OSCAR at the Crown takes place in an undefined, post-apocalyptic future, where everyone who isn’t white/cis/het is banished to the wasteland.
The character Oscar, played by Mark Mauriello (the creator of the show), found an abandoned nightclub that now serves as a safe haven for all those defined by their “otherness.” Every day, the cast compulsively rehearses the same show about the life of Oscar Wilde, until a newcomer is cast and Wilde’s wife and disrupts the usual flow.
From the high-energy premise alone, it is pretty clear that this isn’t a production you should be sober for.
The fictional and physical setting of the show has a weighted meaning. Historically, night clubs have always served as safe spaces of expression for queer youth.
3 Dollar Bill is the queer bar in Bushwick that has hosted performances of OSCAR at the Crown since the beginning of the summer. The space is surrounded by several monitors and black-lit portraits of Julie Cooper (who gets one of the first odes of the musical) and Wilde himself. The monitors feature a constant scroll of early 2000s iconoclast heroes: Bad Girls Club, Real Housewives, and Rupaul’s Drag Race to name a few.
Historically, the Victorian icon Oscar Wilde belonged to the artistic movement of Decadence. Some of his main ideas surrounded upon the fact that the artificial is better than the real, and art should only function to be beautiful.
Creator and star of OSCAR at the Crown, Mark Mauriello, saw a clear correlation between the Decadents and the cultural decadency embodied by the rise of the 2000s most iconic emblem: reality television. Including an entire ode to Julie Cooper, a star of the show OC whom they credit for inspiring the franchise The Real Housewives, one of the Exiles goes as far as to say:
“[Oscar Wilde was] a star who made his life a season arc and a storyline and a viral sensation so fascinating, it killed him.”
However, once one delves deeper into the figure of Wilde both as the myth and the man, certain problems begin to arise. One of Wilde’s most controversial claims comes from the introduction of his famous novel The Portrait of Dorian Gray, in which Wilde claimed that:
“All art is quite useless.”
Therefore Wilde celebrated for his art as well as his status as one of the few gay icons who haven’t been erased from the white man’s history, was also a problematic figure. This is something that OSCAR at the Crown deals with in-depth during its closing sequence.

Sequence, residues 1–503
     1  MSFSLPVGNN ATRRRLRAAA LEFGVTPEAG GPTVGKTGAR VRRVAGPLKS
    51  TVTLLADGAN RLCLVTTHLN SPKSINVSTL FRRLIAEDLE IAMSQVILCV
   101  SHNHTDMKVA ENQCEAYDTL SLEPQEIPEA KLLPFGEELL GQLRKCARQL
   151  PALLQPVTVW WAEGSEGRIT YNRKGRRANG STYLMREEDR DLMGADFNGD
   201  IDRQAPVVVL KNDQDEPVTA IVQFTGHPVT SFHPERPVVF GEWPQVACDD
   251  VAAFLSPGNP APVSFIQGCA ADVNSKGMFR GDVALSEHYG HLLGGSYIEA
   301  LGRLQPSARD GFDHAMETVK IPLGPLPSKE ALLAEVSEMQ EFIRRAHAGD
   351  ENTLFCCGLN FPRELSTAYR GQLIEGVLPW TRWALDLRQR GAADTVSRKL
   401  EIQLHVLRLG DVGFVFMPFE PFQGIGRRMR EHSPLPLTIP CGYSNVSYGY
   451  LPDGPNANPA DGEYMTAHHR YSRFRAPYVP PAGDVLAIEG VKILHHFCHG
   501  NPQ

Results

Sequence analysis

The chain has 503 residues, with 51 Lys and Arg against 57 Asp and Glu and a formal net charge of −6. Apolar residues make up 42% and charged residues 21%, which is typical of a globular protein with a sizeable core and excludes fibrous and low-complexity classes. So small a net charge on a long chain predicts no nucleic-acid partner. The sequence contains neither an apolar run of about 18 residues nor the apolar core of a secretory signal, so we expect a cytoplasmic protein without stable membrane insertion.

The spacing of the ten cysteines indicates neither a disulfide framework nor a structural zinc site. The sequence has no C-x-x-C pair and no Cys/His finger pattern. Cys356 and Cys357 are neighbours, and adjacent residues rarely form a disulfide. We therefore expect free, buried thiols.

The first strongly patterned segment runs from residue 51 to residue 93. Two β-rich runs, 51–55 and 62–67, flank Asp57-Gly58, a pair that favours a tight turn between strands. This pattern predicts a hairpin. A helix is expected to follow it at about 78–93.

After the neon whirlwind of a number culminating in the declaration of Wilde as a martyr, the musical quickly turns into a meta rethinking of Wilde’s legacy in both the gay community and the community of the “other” as a whole.
The mysterious newcomer, who was named after and cast as Wilde’s wife, Constance, orders the cast to stop the music. All of the lights are cut off except for one shining spotlight on her, in which she asks the question:
“What about his wife?”
Constance, played by Kerri George, interrogates Wilde, exposing the celebrated author for the terrible way he used, abused, and subsequently abandoned his family as well as poking at his privilege as a white man in Victorian England.
“Decadence” is intrinsically something that relies upon privilege: Oscar Wilde, as a white cis man, was able to live the way he did as long as his wife took care of the house, their children, and the mountainous debt Wilde accumulated by the time of his death.
Closing the production in this manner has a clear message: those who used to have the privilege to do so no longer have the luxury of living in decadence. Gone are the ages of blissful ignorance, low-rise pants, and MTV. We no longer have the luxury of art solely serving the purpose of being beautiful, of being “useless.”
In the era of Trump, the era of mass shootings and ICE raids, Muslim travel bans and children in cages, we must be unabashedly unafraid to point fingers at those who have done wrong in the past, in order to build a brighter future.
OSCAR at the Crown is currently having an open run at 3 Dollar Bill in Bushwick, Brooklyn NY. You can get tickets here.